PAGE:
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>When was the last time you ever heard of a boss or client telling the
>carpenter which tool he was allowed to use? How many times have you
>heard of a company giving its technical writers carte blanche to use
>whichever tool was specifically correct for the specific job at hand?
This is the case for the assignment I'm at now.
I needed to develop the documentation for a department. I told them that the documentation should be done in Frame. They were using Word. I'm using Frame 5.5.2 now. I told them that they should distribute the material internally via intranet in PDF. I'm doing that now and they gave me access to the network administrator to help me set it up. I told them that I want to create the intranet using FrontPage98. They were doing it via Notepad I am now using FP98. I told them I wanted to create the flowcharts and diagrams in Visio. They bought me Visio 5.0. With all of this, I needed more ram and disk space. 24 hours after request, they added 32mb ram to the 32 I had and gave me a second HD with 1.6gig.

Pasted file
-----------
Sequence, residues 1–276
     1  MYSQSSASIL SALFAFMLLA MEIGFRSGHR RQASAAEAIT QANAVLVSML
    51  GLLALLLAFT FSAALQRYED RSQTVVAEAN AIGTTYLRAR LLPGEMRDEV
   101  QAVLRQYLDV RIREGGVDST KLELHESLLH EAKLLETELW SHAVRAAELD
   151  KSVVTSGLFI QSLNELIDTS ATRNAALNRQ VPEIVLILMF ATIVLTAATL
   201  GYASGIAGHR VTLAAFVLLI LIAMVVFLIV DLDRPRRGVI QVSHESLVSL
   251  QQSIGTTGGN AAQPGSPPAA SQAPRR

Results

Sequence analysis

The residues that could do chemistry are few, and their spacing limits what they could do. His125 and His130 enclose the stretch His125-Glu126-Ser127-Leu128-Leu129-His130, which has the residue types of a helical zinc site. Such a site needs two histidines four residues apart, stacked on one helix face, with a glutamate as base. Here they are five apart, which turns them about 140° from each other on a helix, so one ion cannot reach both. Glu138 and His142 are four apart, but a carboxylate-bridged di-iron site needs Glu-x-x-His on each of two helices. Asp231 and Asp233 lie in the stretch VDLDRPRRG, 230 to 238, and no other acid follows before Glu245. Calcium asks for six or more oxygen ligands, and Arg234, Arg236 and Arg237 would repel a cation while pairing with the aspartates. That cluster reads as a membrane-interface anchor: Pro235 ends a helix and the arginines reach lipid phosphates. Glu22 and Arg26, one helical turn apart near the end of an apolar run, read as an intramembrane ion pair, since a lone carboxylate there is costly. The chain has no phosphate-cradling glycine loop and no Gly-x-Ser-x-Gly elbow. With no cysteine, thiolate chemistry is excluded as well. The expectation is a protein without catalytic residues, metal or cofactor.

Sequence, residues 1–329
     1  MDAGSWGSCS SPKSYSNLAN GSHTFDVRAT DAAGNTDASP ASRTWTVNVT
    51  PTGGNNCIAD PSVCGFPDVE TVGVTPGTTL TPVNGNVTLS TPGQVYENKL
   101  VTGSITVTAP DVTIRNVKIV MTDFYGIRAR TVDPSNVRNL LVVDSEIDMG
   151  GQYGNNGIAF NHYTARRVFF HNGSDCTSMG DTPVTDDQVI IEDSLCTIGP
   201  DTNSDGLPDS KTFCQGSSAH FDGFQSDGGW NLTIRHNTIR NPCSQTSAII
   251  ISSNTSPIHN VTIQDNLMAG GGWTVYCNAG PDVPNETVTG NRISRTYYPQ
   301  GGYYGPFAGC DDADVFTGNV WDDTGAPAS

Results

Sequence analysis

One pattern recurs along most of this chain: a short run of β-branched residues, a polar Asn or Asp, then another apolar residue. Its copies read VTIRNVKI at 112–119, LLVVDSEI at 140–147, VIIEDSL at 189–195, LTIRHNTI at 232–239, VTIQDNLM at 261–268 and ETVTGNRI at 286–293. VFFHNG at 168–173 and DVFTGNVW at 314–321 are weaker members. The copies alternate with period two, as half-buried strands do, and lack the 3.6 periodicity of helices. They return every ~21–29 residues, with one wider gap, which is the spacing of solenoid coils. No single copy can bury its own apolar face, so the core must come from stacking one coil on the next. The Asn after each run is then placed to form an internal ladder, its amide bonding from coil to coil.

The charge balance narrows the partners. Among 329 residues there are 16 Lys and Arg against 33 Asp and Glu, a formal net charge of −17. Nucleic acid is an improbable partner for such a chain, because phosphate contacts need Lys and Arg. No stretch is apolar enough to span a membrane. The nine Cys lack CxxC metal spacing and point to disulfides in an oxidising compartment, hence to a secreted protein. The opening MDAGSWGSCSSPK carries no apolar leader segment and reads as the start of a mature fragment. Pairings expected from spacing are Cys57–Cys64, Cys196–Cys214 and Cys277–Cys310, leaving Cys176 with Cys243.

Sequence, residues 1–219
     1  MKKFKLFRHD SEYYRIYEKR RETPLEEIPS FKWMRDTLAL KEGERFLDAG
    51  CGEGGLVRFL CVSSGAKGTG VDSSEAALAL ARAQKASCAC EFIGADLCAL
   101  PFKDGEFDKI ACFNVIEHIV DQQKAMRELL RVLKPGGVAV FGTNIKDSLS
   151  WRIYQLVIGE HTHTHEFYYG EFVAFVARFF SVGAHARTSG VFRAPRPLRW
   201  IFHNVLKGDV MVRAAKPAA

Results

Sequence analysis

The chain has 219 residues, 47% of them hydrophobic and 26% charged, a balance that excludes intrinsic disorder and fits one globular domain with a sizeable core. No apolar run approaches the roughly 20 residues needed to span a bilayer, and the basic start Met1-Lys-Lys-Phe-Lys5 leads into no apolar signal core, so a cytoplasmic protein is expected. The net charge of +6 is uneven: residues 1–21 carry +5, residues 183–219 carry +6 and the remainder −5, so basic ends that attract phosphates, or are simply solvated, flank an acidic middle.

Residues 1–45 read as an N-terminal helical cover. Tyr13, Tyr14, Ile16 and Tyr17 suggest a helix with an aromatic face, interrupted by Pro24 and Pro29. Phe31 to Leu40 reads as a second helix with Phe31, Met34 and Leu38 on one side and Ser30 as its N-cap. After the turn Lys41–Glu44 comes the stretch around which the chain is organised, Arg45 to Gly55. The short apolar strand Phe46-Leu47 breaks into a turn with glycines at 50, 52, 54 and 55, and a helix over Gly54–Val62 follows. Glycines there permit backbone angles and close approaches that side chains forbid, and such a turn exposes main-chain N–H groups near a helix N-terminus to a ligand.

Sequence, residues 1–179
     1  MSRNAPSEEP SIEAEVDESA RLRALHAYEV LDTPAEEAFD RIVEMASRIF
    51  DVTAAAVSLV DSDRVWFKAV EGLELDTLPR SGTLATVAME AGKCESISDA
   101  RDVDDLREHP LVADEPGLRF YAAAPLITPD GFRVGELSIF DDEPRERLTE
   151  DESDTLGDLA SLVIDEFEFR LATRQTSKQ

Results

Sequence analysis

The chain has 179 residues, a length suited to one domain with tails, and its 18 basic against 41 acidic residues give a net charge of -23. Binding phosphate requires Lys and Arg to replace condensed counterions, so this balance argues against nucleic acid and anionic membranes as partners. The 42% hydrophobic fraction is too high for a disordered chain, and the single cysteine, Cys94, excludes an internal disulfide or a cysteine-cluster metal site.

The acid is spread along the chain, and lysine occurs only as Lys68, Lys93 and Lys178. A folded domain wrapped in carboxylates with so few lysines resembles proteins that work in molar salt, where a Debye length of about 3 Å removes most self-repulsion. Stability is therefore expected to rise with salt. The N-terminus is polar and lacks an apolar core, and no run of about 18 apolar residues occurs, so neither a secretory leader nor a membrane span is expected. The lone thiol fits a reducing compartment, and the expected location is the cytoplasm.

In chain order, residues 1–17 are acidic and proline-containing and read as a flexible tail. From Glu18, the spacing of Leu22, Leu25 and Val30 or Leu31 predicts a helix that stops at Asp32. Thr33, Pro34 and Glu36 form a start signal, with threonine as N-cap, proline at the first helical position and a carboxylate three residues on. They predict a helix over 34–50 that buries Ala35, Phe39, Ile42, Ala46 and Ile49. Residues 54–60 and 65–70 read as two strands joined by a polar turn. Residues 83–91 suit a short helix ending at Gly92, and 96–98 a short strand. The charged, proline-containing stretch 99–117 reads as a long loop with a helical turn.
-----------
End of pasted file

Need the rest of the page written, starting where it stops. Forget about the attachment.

If you go to management and just say "Iwant-Iwant-Iwant-Iwant, you will be told no most of the time.
HOWEVER...if you approach it through a solid business case and justification, most "good" companies will give you most of what you need (if not all).
What are their hot buttons....Staying ahead of competition? More market share? Strong commitment to Customer Service?
All of the things we're told makes us good technical communicators applies here:
Knowing your audience, communicating from a marketing standpoint (feature/benefit), etc.
>Obviously it's not good for the corporate pocketbook to have to
>purchase copy of Word, FrameMaker, Ventura, and PageMaker, for each Tech Writer
>on the payroll, and overall productivity will fall if each writer is
Why not if there is a solid business case for it.
When selling (and you are selling EVERY DAY to get what you want), management will not spend $5,000 if there is no return, but will spend $10,000 if there is a return of more than $10,000 in a reasonable period of time...usually 12-18 months.
John Posada, Technical Writer (and proud of the title)
The world's premier Internet fax service company: The FaxSav Global Network
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My opinions are mine, and neither you nor my company can take credit for them.